A U.S. magistrate judge on Monday ordered a former Minneapolis police officer, accused of stealing drugs from defendants, released from jail after he was arrested last week for violating pretrial conditions that allowed him to remain free pending trial.
A federal prosecutor asked Magistrate Kate Menendez to revoke Ty Jindra's $25,000 bond, saying he had sent a threatening text message to a Minneapolis police sergeant who might be called as a witness in Jindra's upcoming criminal trial.
Menendez said Jindra had violated his pretrial conditions — "I think this shows incredibly bad judgment," she said — but ordered him released, noting that the conditions about contacting witnesses were somewhat ambiguous.
The magistrate appeared to be persuaded by defense attorney Peter Wold's argument that Jindra was angry at the sergeant for reasons unrelated to the specific charges against him.
While Menendez did not say so explicitly, it appeared likely she would draft an order barring Jindra from contacting any Minneapolis officers without first obtaining permission from prosecutors. In the meantime, he will be barred from contacting any officer.
Assistant U.S. Attorney Michelle Jones did not raise objections to Menendez's decision.
Jindra, who was jailed last Friday, appeared in the virtual hearing in a jail jumpsuit. Wold did most of the talking, with Jindra speaking only briefly, answering, "Yes, your honor," to questions from Menendez.
Jindra, 28, was indicted Nov. 5 on 11 counts alleging that he abused his position as a police officer to steal methamphetamine, heroin, oxycodone and other drugs for personal use during the course of his duties.
From September 2017 to October 2019, he allegedly ran a scheme to steal drugs that were seized during arrests. In one case, he reportedly stole heroin and meth from the scene of an overdose call.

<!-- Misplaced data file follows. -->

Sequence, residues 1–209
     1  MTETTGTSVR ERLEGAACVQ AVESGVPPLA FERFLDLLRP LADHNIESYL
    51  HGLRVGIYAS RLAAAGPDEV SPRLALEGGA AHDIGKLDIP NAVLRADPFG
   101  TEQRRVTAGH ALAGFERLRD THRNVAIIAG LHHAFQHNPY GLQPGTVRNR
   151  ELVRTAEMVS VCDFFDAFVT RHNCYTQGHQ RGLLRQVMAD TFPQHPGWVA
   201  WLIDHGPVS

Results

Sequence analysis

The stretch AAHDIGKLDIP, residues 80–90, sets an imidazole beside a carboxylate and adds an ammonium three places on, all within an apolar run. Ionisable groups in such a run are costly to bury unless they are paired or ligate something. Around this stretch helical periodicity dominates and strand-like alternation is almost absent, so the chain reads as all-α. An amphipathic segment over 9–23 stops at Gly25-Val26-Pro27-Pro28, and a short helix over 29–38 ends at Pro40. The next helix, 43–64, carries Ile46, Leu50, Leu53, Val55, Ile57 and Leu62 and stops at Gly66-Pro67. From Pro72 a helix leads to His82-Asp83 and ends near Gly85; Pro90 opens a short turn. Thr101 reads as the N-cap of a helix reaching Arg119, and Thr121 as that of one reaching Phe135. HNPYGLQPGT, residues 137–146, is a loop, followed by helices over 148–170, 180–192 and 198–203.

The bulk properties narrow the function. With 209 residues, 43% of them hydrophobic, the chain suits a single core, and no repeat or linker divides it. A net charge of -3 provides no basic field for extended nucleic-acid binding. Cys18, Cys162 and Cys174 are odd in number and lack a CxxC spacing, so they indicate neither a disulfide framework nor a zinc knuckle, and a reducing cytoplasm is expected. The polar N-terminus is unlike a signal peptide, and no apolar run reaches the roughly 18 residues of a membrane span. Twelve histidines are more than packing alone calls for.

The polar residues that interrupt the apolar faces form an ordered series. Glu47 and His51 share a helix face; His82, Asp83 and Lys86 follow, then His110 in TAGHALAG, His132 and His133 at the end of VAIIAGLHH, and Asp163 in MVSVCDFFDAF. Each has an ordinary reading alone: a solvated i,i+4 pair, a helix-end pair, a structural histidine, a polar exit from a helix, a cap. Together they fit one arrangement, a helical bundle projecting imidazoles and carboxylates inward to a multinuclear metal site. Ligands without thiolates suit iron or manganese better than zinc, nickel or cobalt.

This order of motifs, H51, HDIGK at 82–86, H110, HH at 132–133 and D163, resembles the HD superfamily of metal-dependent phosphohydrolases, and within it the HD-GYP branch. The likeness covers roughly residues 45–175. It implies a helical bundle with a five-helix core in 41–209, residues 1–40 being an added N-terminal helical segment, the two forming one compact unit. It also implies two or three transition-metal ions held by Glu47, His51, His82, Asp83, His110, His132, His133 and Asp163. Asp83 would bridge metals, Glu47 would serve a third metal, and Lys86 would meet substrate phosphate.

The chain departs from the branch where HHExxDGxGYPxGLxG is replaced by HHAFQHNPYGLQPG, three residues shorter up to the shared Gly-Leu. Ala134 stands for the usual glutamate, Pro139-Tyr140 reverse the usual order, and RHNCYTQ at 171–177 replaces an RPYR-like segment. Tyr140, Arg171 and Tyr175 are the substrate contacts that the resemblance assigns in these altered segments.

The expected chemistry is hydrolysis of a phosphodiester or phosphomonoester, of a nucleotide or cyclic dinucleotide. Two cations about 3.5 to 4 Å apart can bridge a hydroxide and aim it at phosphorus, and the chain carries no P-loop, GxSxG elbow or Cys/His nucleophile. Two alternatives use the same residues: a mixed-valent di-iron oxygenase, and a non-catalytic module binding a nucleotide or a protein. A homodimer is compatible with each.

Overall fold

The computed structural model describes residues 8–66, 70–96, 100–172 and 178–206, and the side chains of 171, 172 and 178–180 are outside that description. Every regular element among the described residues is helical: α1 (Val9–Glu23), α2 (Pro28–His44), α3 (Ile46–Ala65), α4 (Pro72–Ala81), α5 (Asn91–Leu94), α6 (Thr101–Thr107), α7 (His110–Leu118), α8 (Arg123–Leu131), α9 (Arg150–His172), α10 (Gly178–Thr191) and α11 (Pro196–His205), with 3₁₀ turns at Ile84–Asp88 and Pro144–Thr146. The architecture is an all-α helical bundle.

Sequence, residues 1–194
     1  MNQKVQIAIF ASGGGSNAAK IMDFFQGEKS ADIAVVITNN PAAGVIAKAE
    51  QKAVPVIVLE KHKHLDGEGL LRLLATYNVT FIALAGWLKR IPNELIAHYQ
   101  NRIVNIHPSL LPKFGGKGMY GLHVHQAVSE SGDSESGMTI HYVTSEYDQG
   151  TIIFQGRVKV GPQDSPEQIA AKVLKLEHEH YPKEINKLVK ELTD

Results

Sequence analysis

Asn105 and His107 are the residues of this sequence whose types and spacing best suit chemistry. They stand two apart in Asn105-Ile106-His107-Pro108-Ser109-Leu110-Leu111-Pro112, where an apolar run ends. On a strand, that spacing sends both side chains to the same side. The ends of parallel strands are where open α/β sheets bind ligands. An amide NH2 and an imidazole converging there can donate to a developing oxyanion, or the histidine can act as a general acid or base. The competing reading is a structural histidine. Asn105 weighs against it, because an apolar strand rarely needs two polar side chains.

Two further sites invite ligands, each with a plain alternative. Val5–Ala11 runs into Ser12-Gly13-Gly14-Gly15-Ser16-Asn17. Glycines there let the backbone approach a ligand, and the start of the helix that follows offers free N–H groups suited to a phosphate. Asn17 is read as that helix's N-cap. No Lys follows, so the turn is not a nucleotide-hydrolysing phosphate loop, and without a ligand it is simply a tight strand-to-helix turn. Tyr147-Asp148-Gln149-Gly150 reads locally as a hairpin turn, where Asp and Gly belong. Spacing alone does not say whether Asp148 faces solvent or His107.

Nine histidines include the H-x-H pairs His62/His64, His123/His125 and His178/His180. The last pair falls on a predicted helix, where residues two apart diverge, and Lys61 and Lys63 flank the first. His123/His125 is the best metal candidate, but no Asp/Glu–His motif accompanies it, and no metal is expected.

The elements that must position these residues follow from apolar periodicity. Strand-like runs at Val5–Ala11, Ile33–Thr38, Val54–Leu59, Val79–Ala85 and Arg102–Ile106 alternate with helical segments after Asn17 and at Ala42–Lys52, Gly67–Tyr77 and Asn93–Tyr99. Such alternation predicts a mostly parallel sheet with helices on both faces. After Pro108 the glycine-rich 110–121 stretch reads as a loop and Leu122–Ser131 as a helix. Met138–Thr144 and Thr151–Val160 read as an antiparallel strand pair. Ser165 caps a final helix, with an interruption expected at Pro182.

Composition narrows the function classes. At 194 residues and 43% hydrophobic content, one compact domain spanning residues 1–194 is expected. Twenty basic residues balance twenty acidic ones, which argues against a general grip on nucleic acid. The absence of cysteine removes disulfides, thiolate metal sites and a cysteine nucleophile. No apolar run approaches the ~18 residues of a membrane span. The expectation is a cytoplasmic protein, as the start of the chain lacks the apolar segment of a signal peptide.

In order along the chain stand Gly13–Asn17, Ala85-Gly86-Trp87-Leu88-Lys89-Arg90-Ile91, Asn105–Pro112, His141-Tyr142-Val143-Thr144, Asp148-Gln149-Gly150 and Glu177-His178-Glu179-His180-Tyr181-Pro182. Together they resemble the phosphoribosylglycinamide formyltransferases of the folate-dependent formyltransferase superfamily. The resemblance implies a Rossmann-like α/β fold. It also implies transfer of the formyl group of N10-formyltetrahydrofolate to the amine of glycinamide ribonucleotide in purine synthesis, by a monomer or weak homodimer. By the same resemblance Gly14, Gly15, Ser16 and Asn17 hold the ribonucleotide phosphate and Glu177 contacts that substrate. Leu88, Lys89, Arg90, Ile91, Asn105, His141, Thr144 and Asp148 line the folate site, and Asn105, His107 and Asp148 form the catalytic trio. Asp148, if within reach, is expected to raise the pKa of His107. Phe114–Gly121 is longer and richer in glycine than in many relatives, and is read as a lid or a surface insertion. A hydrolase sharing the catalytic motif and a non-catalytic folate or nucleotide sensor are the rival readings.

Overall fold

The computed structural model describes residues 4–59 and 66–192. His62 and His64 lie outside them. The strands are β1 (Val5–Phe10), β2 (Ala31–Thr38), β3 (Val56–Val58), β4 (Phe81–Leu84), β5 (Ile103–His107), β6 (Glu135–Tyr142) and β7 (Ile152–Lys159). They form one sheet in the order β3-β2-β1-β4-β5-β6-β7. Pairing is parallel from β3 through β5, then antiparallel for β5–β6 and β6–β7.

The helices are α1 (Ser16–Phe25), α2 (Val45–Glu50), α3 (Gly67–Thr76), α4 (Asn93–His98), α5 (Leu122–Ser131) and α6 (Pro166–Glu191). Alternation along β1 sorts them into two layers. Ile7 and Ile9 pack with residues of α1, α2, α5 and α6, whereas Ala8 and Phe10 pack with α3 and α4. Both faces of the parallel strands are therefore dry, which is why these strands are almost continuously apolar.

Jones said that Jindra sent a text message to a Minneapolis police sergeant that read: "slander, Karma's the thing coming for you I guess," adding, "see you soon buddy." He also wrote the sergeant that he was "scaring off partners into talking to me."
Jones said it could constitute obstruction of justice and "appears to be a veiled threat of some sort." Jindra was jailed after the sergeant disclosed the text to authorities.
The police sergeant, who was not named, was at the scene of one of the incidents on which Jindra is charged and was a potential witness.
Wold said that Jindra had sent the message not to intimidate a witness, but because a bank had notified him that he could no longer do business there. He thought the sergeant might have played a role in the bank's decision and "slandered" him, Wold said.
He said Jindra also was upset that some of his old friends in the Police Department hadn't reached out to him after his name was in the newspaper. "He thought he'd been blackballed," Wold said.
Wold said, and Jones confirmed, that Jindra had not violated any other conditions on his bond since the indictment. He has passed all alcohol and drug tests and has seen a psychiatrist weekly.
Randy Furst • 612-673-4224